In the world of graffiti, Martha Cooper is a cult figure. She’s an old skool photog who, along with Henry Chalfant, documented the fast-changing world of New York graffiti and unintentionally helped make it sexy and digestible for public consumption. Her book Subway Art, co-authored with Chalfant, kickstarted the graff book genre that has ballooned (for better or worse) into a full-blown field that witnesses hundreds of books published a year. The fame of Subway Art is such that last year an attractive over-sized 25th Anniversary version hit bookshelves.
Since the influence and impact of that important book in well-know, I chose to focus this review on two more recent works by the graff photography veteran which were published in that last few years, Tag Town: The Evolution of New York Graffiti Writing and Going Postal.
Tag Town: The Evolution of New York Graffiti Writing (Dokument, 2007)
Unlike Subway Art, Tag Town tackles one of the least attractive aspects of graffiti, the tag. If the trains of New York, with their full car images inspired awe through their ambition, creativity and good ol’ fashioned chutzpah, tags are predominantly dull and uncreative. Looking back, tags appear mostly to be of design or anthropological interest but rarely beautiful. Having said that, I admit that some tags that veer towards the calligraphic can be impressive but very few of those exist in this book. What you realize by looking through the pages of Tag Town is that only a few decades ago most of the graffiti on the streets of New York was uglier and cruder than what we see today.
Cooper’s photos are good but they can feel cold. These snapshots are often artless (some are lovely) but so are their subjects. There are some great records of work by Jean-Michel Basquiat, Keith Haring and Kenny Scharf, but big names don’t guarantee good work — some of the pieces by these guys are awful. Basquiat is the exception. His work, unlike almost anyone else, took the raw energy of the vandals’ visual language and transforms it into something completely new. His images, unlike Scharf’s, don’t mimic pop culture but collide drawing and writing in a way that makes it difficult to decide where one begins and the other ends.
There are oddities in the book, particularly the forward by Tobias Barenthin Lindblad, who seems ill suited to set the stage for the photos and writing inside. He makes claims with little fact, like “Subway graffiti is akin to an early version of the internet.” Or “Tags are a product of a highly developed culture: a society that has mastered written language.” Huh?
Lindblad’s introduction aside, the writing in Tag Town is often stronger than the images. I particularly liked the quote by artist Claes Oldenburg, who in 1973 told New York Magazine:
You’re standing there in the station, everything is gray and gloomy, and all of a sudden one of those graffiti trains slide in and brightens the place like a big bouquet from Latin America. At first it seem anarchial — makes you wonder if the subways are working properly. Then you get use to it. The city is like a newspaper anyway, so it’s natural to see writing all over the place.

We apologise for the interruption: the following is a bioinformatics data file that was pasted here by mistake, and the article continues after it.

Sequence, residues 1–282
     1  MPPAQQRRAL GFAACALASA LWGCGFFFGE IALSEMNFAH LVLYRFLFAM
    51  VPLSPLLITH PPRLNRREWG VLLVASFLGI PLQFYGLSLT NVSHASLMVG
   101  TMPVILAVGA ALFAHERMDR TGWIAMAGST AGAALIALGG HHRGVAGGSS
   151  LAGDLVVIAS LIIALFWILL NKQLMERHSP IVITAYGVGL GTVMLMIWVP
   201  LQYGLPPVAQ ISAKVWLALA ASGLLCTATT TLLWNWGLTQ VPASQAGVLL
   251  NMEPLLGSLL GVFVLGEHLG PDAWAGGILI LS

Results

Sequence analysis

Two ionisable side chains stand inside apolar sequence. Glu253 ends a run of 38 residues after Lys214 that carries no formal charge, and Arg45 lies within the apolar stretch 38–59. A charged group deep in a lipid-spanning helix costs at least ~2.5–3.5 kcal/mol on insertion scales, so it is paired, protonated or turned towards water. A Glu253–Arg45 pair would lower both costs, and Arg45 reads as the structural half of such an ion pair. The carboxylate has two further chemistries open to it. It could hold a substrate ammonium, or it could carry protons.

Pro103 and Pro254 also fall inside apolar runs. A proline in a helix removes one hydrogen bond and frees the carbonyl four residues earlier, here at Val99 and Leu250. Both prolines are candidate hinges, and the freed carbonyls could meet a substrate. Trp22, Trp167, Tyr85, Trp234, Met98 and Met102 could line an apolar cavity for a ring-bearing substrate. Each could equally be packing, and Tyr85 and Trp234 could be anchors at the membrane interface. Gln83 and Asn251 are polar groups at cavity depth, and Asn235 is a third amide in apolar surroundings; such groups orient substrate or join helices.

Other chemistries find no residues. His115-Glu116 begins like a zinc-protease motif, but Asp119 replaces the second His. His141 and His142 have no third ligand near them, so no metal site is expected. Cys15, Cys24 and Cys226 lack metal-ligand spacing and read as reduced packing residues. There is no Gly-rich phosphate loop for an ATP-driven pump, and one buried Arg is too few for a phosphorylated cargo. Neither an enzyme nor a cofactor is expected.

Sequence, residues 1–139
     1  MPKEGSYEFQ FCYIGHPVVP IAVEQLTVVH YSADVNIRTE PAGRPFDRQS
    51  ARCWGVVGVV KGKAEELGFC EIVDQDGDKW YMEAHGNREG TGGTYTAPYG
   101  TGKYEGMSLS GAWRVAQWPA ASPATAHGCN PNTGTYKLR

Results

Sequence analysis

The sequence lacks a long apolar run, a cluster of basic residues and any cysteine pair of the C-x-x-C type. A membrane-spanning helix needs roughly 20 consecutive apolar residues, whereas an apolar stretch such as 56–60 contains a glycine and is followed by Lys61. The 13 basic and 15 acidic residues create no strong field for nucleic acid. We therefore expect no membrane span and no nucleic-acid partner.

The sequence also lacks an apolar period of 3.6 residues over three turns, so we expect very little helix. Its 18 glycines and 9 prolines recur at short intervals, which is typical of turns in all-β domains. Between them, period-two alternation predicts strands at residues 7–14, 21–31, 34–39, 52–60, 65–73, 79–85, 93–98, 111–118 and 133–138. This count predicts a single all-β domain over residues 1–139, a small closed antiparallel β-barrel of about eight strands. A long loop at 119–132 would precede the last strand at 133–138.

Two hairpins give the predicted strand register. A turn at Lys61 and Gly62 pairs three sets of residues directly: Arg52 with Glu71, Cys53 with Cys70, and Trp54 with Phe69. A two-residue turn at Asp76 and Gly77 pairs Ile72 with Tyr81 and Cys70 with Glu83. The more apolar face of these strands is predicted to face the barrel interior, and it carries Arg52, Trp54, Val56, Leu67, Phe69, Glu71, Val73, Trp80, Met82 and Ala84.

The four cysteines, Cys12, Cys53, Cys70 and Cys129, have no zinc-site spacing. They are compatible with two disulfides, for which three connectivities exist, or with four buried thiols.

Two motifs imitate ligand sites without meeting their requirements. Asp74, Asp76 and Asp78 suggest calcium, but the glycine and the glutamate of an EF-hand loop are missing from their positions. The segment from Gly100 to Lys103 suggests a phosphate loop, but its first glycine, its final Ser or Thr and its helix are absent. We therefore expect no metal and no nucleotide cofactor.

Where the book is truly valuable is near the end, where we find a cache of early writing about the nascent art form, including an article by Patricia Conway from 1973, one by David McClelland that appeared in Harper’s Magazine in 1975, and two by Richard Goldstein that both hail from the same era. These archival documents alone are worth the price of the book.
Going Postal (Mark Batty, 2009)
If the strengths of Tag Town are obvious, Going Postal is not much of a photography or art book but feels destined to be a source for designers looking to the “street” for inspiration. This small book has little text and lots of alright pictures and is part of a trend in the street art book market that appeals to the field’s fan culture, while doing little to illuminate anything.
In 2002, I remember meeting a teenage graffiti aficionado from England, who, upon landing in New York, rushed to the closest postal office to grab a pile of postal stickers. At that time, the culture of the postal sticker was well established in the world of grafitti, and he was able to tell me the advantages of each country’s postal stickers and when each postal service changed their adhesives. Yet, none of the works in the book date further back than a few years. Flipping through the book, you can’t help but feel that Cooper’s images show us a very incomplete picture of a much larger story. Unlike her pivotal images from an earlier era, these recent shots seem less central.
There is also a chance that Going Postal may prove to be a more interesting book in the future than it is today. As time passes, and as the material culture of our cities shift to include new mediums, the postal sticker culture may come to be seen in the same way we look at Victorian silhouettes or collages, which is to say as a visual curiosity.
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Links of interest:
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